The Outlaws
at the Weinberg Center,
Frederick, Md. (9 November 2012)

Veteran southern rockers, the Outlaws, came to Frederick, Md., on November 9, playing the city's 100-year-old restored movie and drama palace, the Weinberg Center. The good news is that the Weinberg Center survived. It was touch and go there for a while as the Outlaws made the rafters shake and the seat backs pulse to the rhythm. With their three-guitar attack, known to their fans as the Guitar Army, and their four-part harmony approach, the Outlaws take no prisoners. They come to make music and that's exactly what they do.

A little background: the Outlaws formed in 1975, were quickly assigned to Arista Records by Clive Davis and put out three very good and commercially successful albums -- their first one sold 2.5 million copies. For a while there, they were reasonably big time, spoken of in the same sentences with Lynyrd Skynyrd, The Marshall Tucker Band and the Charlie Daniels Band. But then changing tastes, fatal illnesses and lawsuits broke the band up. Henry Paul, who formed the band, went on to work with spinoffs like the Henry Paul Band and the Blackhawks, until finally, not long ago, the stars aligned and, along with original drummer Monte Yoho, he reformed the Outlaws. Paul filled the gaps in the ranks with musicians he had worked with over the years in other projects: lead guitarists Billy Crain and Chris Anderson, bassist Randy Threet and keyboardist Dave Robbins.

Now, with a new album out, they are touring again, and believe me there is no rust to shake off. These guys are live performers, and when they take a stage, they have no intention of surrendering it. In fact, my 19-year-old daughter was astonished to see that "old guys could rock like that."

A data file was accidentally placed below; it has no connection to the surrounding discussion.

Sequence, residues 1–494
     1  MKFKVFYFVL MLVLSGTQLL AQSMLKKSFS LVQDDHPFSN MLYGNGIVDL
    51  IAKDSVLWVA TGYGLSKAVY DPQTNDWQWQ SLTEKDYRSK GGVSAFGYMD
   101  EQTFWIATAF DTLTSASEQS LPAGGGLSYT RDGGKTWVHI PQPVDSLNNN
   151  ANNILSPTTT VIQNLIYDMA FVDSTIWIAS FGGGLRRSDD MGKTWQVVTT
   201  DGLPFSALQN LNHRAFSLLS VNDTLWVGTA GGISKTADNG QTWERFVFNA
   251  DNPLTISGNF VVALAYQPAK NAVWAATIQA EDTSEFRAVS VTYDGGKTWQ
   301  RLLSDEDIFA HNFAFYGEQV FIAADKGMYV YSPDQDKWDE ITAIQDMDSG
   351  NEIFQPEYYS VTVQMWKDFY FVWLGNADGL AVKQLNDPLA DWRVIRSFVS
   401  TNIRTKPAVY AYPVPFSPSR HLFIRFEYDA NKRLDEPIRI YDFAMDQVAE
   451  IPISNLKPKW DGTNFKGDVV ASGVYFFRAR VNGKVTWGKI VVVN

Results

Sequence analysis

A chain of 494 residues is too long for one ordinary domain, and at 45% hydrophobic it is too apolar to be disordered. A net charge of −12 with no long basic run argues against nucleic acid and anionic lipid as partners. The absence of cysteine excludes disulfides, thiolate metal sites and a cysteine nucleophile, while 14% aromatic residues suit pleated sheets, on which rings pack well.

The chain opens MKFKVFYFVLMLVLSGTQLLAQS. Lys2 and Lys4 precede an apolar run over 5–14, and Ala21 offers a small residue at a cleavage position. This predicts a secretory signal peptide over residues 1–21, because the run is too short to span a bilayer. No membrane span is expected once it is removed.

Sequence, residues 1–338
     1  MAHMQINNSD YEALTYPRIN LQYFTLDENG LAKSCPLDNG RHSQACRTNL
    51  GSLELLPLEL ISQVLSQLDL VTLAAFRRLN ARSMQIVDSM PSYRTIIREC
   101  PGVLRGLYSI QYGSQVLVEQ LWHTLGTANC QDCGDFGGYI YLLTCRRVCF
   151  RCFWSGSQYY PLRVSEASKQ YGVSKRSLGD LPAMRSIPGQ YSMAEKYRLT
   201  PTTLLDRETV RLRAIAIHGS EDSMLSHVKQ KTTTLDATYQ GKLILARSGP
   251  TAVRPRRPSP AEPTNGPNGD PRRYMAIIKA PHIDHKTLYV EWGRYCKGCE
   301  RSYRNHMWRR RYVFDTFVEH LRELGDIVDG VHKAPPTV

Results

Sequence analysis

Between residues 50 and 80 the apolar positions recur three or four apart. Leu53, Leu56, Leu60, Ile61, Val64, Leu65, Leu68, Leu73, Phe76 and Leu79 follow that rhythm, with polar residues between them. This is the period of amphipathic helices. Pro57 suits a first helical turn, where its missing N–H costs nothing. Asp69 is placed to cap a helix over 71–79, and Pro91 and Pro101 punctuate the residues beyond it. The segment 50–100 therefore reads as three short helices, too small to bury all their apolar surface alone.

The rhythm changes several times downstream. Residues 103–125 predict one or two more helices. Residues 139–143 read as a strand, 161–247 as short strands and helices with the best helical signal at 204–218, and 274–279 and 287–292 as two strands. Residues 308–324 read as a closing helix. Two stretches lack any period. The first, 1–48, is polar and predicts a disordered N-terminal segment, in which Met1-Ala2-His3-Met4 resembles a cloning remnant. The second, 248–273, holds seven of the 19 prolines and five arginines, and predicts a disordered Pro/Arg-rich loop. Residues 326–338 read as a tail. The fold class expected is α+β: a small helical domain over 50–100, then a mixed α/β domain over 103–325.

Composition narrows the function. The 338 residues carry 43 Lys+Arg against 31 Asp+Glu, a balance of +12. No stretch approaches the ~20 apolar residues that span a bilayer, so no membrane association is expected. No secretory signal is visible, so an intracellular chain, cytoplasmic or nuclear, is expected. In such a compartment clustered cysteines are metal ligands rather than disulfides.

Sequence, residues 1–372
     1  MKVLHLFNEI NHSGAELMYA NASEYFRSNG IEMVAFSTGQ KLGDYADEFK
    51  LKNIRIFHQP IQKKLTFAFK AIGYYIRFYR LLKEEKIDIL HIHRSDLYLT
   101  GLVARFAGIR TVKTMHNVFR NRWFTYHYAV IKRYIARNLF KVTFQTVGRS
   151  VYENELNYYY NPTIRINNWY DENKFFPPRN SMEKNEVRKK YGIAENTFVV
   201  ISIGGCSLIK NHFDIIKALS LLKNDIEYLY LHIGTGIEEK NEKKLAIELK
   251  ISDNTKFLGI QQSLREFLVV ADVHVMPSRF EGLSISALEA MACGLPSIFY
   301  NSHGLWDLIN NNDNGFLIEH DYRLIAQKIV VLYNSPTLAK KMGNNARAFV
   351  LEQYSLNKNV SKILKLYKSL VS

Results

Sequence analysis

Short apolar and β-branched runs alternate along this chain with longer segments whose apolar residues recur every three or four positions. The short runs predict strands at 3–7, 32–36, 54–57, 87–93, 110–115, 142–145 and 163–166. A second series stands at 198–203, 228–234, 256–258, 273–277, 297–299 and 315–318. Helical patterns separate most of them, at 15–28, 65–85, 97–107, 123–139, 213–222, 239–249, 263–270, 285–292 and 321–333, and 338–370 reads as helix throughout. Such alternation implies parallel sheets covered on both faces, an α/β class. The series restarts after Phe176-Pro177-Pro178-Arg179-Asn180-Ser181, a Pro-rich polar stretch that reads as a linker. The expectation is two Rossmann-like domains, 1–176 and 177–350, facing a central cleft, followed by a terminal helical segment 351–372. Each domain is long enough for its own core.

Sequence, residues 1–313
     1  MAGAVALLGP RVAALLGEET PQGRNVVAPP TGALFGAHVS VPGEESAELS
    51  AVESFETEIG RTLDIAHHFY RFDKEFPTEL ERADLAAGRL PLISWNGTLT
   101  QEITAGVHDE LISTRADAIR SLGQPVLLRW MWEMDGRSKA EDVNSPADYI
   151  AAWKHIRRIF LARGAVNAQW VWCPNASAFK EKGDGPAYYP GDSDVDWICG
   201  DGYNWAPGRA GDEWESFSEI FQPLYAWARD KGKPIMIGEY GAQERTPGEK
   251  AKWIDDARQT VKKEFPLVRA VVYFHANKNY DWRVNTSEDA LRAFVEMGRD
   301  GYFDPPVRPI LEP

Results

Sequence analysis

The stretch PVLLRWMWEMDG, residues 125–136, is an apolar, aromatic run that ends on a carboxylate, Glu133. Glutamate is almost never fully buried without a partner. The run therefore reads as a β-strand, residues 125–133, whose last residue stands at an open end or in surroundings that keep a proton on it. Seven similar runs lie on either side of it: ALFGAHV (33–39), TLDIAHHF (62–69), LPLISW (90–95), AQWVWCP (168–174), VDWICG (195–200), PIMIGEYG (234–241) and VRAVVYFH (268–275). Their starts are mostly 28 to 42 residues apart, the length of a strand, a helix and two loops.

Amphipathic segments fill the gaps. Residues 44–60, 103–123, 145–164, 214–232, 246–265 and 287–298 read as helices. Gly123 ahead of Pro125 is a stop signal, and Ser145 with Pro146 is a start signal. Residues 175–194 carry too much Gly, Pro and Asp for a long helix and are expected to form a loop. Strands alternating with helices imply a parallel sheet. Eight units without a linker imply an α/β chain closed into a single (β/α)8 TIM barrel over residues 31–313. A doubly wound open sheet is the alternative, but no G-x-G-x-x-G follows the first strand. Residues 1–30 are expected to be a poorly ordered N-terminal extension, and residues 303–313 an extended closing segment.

And they can rock like that. Here is the key: the Outlaws have been around long enough to have gotten beyond ego needs; they are still in the game because they love the music and they love sharing it with their fans. You can see the joy on their faces as they play, as well as the love and respect they have for each other and for their audiences. When one plays an extraordinary solo, the others salute him and call for a response to him. They play unison leads and, while Henry Paul does most of the lead singing, he is careful to let Chris Anderson take the spotlight also.

In fact, all of the members of the band get their chance in the spotlight, and each brings his unique personality to his playing. Billy Crain plays contortionist guitar; when he solos he comes to the edge of the stage, plays, drops to his knees and plays, bends to the side so he appears to be lying down on the stage. Then he rises like a phoenix, dances, duckwalks, whirls like a sufi dancer -- it is as amazing to watch as his solos are to hear.

Chris Anderson will follow Crain's solo with one of his own. He's a much less athletic player but just as fine. Together these two play some of the finest extended solos I have heard; they are magic.

After the soloists have their moments, though, it really gets interesting. The band shows its unity as Henry Paul and bassist Randy Thweet join the guitarists at the edge of the stage, lining up next to them in a four-man wall of sight and sound that is designed to remind you that you are listening to a unified group, not just a collection of soloists.

In all, my daughter, Dahlia, is right: these old guys can rock. The great thing is that after all these years, they still love to do it and appear to get as big a thrill out of their live show as the audience does.

The Weinberg Center show was one of those rare ones where all three acts on the bill were good. The Tommy Young Band opened and played a set of straight-ahead rock, then was followed by blues guitarist Billy Castro, who did a tight set highlighted by his guest, saxophonist Deanna Bogart.

Still the night was stolen by the Outlaws. When they come near you, be there. It's an experience you won't forget.

by Michael Scott Cain
12 January 2013